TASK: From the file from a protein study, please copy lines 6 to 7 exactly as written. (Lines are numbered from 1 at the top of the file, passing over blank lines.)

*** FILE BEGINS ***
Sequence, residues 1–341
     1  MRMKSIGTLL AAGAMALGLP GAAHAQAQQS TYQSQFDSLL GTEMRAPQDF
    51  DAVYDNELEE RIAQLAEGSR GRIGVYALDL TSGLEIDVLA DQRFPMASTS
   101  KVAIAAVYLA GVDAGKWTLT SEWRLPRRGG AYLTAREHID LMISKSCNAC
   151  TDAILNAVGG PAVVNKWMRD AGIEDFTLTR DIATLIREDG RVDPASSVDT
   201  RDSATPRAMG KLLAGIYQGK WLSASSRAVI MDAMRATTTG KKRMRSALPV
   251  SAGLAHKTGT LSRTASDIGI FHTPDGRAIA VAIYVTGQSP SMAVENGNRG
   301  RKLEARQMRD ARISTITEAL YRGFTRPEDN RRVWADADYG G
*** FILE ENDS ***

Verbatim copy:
   201  RDSATPRAMG KLLAGIYQGK WLSASSRAVI MDAMRATTTG KKRMRSALPV
   251  SAGLAHKTGT LSRTASDIGI FHTPDGRAIA VAIYVTGQSP SMAVENGNRG